Paintings from the Mi Chou Gallery Collection, Madison Avenue, New York
This Module:Mi Chou Gallery Catalog at Freeman's Auctioneers and Appraisers, September 14, 2013
Remapping Ink Painting: A Contemporary Evolution, Public Conversation with Wucius Wong, Lam Tung-pang, Mayching Kao and Pauline Yao, moderated by Mark Dean Johnson, July 13, 2013
Conversation with Paul Hao, 97 year old artist, at San Francisco State University, February 2013 (forthcoming)
Interview with Lucy Arai, 57 year old artist, at San Francisco State University, January 2013
Believed to be the first Chinese art gallery in America to exhibit and sell classical and contemporary Chinese paintings, Mi Chou was founded by Frank Fulai Cho in 1954 with support from his teacher, C. C. Wang, one of the most renowned Chinese art connoisseurs and collectors of the 1900s. Mi Chou’s exhibitions were unprecedented in style and quality – whether classical, contemporary, or solo shows – and frequently well-received and reviewed in The New York Times, ARTnews, and other important press of that time.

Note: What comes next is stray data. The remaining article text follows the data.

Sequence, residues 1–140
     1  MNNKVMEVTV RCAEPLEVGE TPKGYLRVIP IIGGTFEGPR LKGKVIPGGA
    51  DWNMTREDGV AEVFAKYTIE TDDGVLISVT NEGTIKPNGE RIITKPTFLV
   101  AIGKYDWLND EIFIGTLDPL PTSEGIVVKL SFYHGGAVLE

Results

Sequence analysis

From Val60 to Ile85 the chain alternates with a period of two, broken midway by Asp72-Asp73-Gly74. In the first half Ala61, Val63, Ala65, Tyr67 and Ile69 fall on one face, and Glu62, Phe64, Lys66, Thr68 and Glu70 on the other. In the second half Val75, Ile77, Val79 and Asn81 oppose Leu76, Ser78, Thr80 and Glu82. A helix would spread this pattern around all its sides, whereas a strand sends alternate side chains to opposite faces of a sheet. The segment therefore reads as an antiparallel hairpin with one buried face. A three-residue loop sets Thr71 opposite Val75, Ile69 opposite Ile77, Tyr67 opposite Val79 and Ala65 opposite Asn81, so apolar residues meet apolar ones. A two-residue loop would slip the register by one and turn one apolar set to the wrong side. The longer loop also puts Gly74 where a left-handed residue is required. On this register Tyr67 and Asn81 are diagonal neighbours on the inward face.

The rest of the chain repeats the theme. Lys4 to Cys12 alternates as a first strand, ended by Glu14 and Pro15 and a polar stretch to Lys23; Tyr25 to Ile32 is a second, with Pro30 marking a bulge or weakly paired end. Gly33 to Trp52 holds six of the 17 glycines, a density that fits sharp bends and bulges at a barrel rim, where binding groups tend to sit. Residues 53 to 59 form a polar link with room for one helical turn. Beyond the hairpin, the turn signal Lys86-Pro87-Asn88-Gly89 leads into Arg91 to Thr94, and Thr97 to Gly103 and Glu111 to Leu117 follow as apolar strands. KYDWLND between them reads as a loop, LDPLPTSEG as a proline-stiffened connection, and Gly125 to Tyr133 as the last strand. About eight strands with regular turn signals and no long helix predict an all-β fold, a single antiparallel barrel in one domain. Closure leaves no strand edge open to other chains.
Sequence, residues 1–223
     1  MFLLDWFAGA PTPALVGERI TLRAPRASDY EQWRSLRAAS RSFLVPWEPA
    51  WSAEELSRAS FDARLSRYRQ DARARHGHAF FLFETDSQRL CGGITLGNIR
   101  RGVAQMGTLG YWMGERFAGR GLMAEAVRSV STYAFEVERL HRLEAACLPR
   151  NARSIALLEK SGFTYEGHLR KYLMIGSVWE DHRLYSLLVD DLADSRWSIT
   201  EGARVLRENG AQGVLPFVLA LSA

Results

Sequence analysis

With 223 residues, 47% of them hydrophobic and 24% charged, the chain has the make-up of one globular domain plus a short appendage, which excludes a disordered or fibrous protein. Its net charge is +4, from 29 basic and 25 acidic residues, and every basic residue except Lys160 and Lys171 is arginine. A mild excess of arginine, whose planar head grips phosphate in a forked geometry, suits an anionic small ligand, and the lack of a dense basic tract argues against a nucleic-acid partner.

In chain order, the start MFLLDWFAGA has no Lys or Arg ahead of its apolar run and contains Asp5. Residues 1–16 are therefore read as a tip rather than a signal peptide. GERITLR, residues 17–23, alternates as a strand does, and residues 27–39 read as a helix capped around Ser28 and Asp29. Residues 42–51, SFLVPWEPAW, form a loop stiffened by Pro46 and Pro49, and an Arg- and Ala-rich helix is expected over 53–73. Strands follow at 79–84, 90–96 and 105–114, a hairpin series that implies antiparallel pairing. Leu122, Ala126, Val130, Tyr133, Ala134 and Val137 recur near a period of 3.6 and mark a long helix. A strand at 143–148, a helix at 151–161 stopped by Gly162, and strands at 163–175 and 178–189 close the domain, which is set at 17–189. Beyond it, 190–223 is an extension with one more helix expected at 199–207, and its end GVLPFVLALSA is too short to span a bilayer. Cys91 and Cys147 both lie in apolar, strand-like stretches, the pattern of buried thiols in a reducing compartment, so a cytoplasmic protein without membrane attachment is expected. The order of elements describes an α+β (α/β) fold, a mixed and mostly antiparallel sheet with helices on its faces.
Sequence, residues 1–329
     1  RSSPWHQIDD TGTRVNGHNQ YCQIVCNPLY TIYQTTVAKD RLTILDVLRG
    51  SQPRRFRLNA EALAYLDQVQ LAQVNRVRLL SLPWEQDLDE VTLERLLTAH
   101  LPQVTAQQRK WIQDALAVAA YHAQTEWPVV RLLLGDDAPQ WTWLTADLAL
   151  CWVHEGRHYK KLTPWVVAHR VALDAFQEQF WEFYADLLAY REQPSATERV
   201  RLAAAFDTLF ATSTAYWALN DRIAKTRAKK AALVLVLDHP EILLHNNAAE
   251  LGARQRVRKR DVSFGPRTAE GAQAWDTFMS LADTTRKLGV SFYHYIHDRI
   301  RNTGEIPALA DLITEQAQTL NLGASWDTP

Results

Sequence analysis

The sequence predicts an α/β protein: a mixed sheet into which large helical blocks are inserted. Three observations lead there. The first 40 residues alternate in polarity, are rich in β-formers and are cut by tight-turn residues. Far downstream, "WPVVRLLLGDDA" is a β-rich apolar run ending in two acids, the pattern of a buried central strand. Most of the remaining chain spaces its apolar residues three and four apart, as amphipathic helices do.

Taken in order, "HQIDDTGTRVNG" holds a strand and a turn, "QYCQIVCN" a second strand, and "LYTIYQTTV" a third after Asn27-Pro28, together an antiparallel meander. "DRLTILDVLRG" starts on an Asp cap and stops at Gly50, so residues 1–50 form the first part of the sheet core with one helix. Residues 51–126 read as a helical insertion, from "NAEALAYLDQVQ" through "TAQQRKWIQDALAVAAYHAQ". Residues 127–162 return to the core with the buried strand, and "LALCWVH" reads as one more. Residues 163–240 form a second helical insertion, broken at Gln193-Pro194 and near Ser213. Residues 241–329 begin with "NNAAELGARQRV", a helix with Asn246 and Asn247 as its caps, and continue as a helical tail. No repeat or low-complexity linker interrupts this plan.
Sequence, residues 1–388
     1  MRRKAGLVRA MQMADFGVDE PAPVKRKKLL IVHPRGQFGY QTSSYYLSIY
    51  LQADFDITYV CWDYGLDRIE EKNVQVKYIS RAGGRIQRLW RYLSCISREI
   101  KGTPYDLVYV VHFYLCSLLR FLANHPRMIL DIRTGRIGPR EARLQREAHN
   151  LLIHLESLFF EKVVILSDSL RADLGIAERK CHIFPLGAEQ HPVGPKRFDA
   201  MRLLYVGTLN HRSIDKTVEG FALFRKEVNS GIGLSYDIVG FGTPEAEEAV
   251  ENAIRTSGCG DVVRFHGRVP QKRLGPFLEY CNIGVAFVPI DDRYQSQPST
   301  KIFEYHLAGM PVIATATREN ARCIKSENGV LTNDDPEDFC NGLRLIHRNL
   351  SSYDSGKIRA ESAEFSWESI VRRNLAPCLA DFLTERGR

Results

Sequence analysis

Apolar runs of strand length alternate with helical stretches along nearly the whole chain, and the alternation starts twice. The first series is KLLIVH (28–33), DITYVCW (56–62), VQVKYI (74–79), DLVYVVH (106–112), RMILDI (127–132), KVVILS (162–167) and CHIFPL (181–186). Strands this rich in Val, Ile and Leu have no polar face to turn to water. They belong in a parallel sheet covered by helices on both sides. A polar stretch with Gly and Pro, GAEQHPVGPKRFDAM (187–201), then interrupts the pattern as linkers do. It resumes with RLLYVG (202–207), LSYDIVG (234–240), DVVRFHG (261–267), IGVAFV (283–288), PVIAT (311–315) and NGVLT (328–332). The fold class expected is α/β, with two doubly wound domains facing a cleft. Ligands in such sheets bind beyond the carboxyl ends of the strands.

One of the artist’s that the Mi Chou Gallery exhibited and made famous was Chen Chi-kwan (also spelled Chen Qi Kuan). The gallery gave him his first one-man show and introduced his work to Professor Nelson I. Wu of Yale’s Art History Department, who wrote an introductory essay which resulted in much press coverage and the exhibition’s eventual great success. Since then, Chen Chi-kwan’s art is widely collected and recognized by academia, collectors, and the general public.
Mi Chou was perhaps the first - but not the only American art gallery to focus largely on ink painting. In California, several galleries opened in quick succession beginning in the early 1960s. These included East Wind Gallery in San Francisco, opened by artist Wang Liu-sang in 1961; the Chinese Art Gallery - also in San Francisco - opened by artist Lim Tching-ai in 1965; and another Chinese Art Gallery in Carmel that operated in the 1960s and 1970s under the direction of artists Yang Ling-fu and later Cheng Yet-por. James Yeh-jau Liu operated the Han Syi Studio as a gallery in Tiburon beginning in 1967. Hungarian American Les Laky also showcased ink painting at the higher profile Laky Gallery, with branches in Carmel, San Francisco and Los Angeles during the 1960s and 1970s. Laky exhibited artists James Yeh-jau Liu, Wang Chang-chieh and Cheng Yet-por, as well as a legendary series of exhibitions featuring the experimental splashed ink work of Chang Dai-chien. Artist Frederik Wong exhibited with Mi Chou Gallery beginning in the late 1950s, and shares his personal memories here.